Girl Talk: One-Sided Relationships

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Recently, a few girlfriends and I were discussing our relationships and the question was asked:

“How do you know you’re in a one-sided relationship?”

In the beginning of a relationship, you’re in the moment of newness and excitement. It’s difficult to think about anything or anyone, other than the person who has stolen your attention-or most likely your heart. You’re blinded by the fantastical feelings of being spellbound by “THE ONE.” In the purpose of keeping these feelings and your partner’s attention…you find yourself in a relationship that is off-balance. You’re doing all the work and by the time you realize it…you are in an emotionally one-sided relationship.

How does it even happen? As little girls our daydreams of Prince Charming didn’t include being emotionally unfulfilled.

Whether it be by their selfishness or ignorance, a one-sided relationship can leave you feeling vulnerable and insecure. 

Thirty-nine year old Teresa found herself in a one-sided relationship when she married her high-school sweetheart at the age of nineteen. She was married for fifteen years and for the majority of her marriage, she says she was in a manipulative one-sided relationship.

“I didn’t truly recognize the relationship was one-sided until after we split. He was always manipulative in the sense he made me feel as if everything was my fault or my sadness or anger [over a situation] was all me. He was never at fault or empathetic. I was doing all the work…making sure he was happy. I’d drop everything for him and keep my feelings and opinions bottled up. Telling him only made me feel worse anyway.”

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With Teresa

My friend, Joy* says she often felt humiliated. “I don’t know what my deal was. Insecurity? I felt as if  I deserved his lack of attention. I was dealing with a lot of health issues at the time, so when his lack of showing any love or attention towards me,  I felt it was deserved. I wasn’t a lot of fun being so sick. However, he’d ask me to do something-anything– and I would jump and do it. I wanted him to know I loved him, despite the fact I rarely felt cared or loved for.”

 

Realizing Your Worth

When you’re in a one-sided relationship, you aren’t a priority. As time goes on, you justify and rationalize the reasons and find yourself wondering, “What can I do or HOW can I be…to make this relationship balanced?”

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Susan Wolf

Fifty-two year old Susan Wolf, says she knew she was in a one-sided relationship when she found herself going the extra mile to make her boyfriend happy. “I was always finding new ways to surprise him with fun gestures or doing little things to let him know how happy he made me. It was never reciprocated. Ever. I always felt bad and I’d ask myself, ‘What can I do to have him love me more, or show he loves me?’ That seems like a lifetime ago. I’m not that way anymore. What I had to realize was it was never about me…it was all about him. Until I realized my own self-worth… then that kind of relationship would always be okay with me. It’s not now.”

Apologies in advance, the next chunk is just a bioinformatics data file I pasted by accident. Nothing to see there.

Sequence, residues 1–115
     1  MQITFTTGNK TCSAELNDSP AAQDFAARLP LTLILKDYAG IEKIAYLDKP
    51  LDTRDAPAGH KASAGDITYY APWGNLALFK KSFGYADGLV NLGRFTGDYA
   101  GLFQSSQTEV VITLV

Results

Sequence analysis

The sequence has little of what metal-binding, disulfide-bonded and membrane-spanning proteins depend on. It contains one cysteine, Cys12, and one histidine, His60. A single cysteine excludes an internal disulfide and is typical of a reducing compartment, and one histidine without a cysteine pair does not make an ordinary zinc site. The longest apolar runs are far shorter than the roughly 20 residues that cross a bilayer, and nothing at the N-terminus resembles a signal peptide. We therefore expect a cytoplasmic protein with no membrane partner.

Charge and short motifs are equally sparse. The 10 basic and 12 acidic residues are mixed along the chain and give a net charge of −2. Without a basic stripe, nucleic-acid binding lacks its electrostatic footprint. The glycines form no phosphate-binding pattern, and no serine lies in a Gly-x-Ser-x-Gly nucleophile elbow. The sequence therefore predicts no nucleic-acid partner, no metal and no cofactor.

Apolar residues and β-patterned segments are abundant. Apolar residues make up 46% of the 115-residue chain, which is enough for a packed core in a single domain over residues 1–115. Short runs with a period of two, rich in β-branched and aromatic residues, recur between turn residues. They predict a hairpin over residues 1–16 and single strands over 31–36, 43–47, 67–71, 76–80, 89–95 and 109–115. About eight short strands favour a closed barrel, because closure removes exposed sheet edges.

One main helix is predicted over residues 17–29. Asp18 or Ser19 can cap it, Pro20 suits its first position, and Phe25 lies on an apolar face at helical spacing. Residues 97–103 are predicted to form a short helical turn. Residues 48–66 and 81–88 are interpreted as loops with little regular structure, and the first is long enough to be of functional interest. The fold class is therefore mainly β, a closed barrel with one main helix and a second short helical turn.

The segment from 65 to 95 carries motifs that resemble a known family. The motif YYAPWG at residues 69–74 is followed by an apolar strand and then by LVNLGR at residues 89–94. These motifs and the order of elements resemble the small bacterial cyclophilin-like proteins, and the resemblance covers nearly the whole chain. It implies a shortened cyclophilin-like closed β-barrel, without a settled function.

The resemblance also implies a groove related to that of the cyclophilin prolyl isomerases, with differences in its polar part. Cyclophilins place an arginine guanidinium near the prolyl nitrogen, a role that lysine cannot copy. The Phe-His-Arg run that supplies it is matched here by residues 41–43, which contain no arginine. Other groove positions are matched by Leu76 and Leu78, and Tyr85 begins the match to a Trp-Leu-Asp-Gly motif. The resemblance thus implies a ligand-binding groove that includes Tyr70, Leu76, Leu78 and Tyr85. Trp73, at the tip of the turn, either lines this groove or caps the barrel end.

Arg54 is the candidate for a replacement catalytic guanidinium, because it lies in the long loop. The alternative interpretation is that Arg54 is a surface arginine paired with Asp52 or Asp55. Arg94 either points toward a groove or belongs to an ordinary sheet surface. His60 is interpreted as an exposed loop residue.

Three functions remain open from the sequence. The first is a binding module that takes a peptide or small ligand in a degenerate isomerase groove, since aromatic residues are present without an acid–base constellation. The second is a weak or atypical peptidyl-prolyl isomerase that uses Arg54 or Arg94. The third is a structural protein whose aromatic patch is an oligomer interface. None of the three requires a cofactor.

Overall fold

“Relationships are rarely 50/50. Life ebbs and flows,” says Eden Lunsford, MS. a licensed therapist counselor in Anchorage, AK. To keep the relationship from being one-sided, Lunsford suggests weekly check-in’s with your partner. “The responsibilities for picking up the slack and helping one another in a relationship should be evaluated weekly”

How would you go about doing a weekly check-in? 

“I’m trying to imagine this scenario, Eden,” I say. “Tell The Boyfriend, ‘Hey, dude, it’s time to do a weekly check-in to make sure we’re not off balanced.’ And do I ignore his eye-rolling or do I bring it up and make it a part of the weekly check-in’?”

We’re on the phone, so I don’t know if she rolls her eyes or not to my question, but she answers, “Wherever way works. Having time set aside on Sunday evenings to look at one another’s respective weeks and discuss priorities, responsibilities, errands and pending stuff.” She emphasizes on the importance of communication with your partner to keep things balanced so there isn’t resentment building.

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With Eden Lunsford

When you’re in a one-sided relationship, you’re (as I like to call it) “puddle sitting”. You’re not growing as a person. You’re stuck. It is impossible (despite our best efforts) to change the other person. If all your focus is on your partner and not yourself, this is a breeding ground for insecurity, vulnerability and sooner or later, resentment.

You deserve much more than being in a one-sided relationship, despite any hogwash that’s been told to you.


*Joy asked to remain anonymous and is not her real name


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